After our not so fun ride into the West side of Yosemite, we decided we would exit the East side and drive up to Tahoe from the East. Frankly the thought of going down the road we came in with just made us all sick to our stomach. Arnie was a bit nervous as the Tioga Pass write-up said you would climb to 9,000 feet and that is alot when driving a 32 foot RV, but I was up for it and I would be doing the driving. After getting some gas at our RV park store, just to be case given the altitude we would climb, we hit the road.
Tioga Pass is described as such in our National Geographic book: "Tioga road, which climbs into an alpine world of snowy peaks, crystal lakes, wind-tousled meadows, and relatively few people." Doesn't that just sound divine, I was so excited. We stopped at many of the look-outs and little lakes along the road. We saw signs for the White Wolf lodge and it was the first day it was open for the season, as it was June 21st, the first day of summer, so we thought we would stop to see it. I don't know about you but when it says "lodge" I think it is going to be a rather large building with hotel like rooms. Well lodges at Yosemite are a but different. They have these "rooms" that are part cement walls, and then have heavy duty tarps, like the types of tents you rent for an outdoor wedding, as the roof and walls. There are tons of them, and this is what they call a lodge. So we quickly turned around and headed out again.
The first place we stopped was a cute little lake surrounded by great trees. It was just a picturesque point and we were just warming up.
The second main stop was Olmsted Point. A few things were magnificent about this place; 1) it had the most amazing long-distance view of Half-Dome, through a valley; 2) it was steep rock cliffs the kids of course loved to play on; and 3) a group of about 20 park ranger fireman stopped to take a picture :) (bummer for you all I was too shy to take one of them, I am guessing they were either in training or coming back from fighting the wildfire, based on their ages, I think the former).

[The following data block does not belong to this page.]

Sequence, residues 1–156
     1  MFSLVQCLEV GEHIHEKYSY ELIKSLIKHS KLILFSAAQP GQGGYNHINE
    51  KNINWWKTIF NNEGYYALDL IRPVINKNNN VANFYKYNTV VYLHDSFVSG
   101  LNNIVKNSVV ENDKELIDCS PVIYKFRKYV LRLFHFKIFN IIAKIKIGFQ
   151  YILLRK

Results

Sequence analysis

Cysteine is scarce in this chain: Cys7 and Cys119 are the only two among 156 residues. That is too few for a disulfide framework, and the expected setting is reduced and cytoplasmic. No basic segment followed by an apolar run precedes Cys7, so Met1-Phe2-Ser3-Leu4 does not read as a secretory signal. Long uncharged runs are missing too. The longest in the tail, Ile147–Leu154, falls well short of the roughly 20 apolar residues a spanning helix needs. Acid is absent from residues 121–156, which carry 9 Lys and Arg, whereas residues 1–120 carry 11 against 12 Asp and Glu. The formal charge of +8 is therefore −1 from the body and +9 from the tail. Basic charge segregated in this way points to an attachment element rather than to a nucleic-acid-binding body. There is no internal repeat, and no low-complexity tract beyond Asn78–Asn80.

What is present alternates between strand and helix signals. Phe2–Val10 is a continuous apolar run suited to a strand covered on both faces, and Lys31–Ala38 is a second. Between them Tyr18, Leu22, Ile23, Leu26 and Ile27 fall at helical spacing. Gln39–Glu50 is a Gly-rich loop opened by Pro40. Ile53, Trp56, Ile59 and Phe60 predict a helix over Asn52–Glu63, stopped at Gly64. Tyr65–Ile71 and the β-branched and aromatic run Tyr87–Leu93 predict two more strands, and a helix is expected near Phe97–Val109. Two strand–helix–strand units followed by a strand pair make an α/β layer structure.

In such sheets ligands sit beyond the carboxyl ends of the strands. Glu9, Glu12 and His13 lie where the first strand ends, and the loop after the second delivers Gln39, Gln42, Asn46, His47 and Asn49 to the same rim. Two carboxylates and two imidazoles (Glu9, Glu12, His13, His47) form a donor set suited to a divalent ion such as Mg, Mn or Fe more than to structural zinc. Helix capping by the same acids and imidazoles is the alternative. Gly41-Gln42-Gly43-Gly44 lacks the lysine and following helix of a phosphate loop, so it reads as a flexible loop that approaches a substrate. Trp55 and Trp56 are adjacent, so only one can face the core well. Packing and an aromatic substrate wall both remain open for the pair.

Our next stop was right around the corner at Tenaya Lake. Gosh this place was beautiful. We took lots of photos and just walked around. Henry loved getting his paws wet in the ice cold water. Speaking of water, there was a mom and her two older daughters there, I am guessing around 16 and 20. She dared the older daughter to jump in the water like the polar bear club. I never thought she would do it, but she did, and then they made her stay in a minute to get whatever prize she would get. I had to clap for her, that was above and beyond. The water was so clear and blue, but definitely alpine in temperature. Henry is actually in the photo below with Arnie and I, but his black fur blends in so well with our fleeces it is hard to see.
Our last stop was Toulumne Meadows. This is what gets written up on Tioga Road, it is also where the visitor center is, camping and the most activity in general (i.e. post office). We were a bit early for the summer flowers that normally cover the meadow but it was still really beautiful. We had a nice picnic lunch and then headed off on the Soda Springs trail. It is names so as it has a natural spring at the end of it. Along the way we meandered a bit and stopped by the flowing river, definitely a bit like "a river runs through it" film. We even ran into some rangers on horseback on the way back.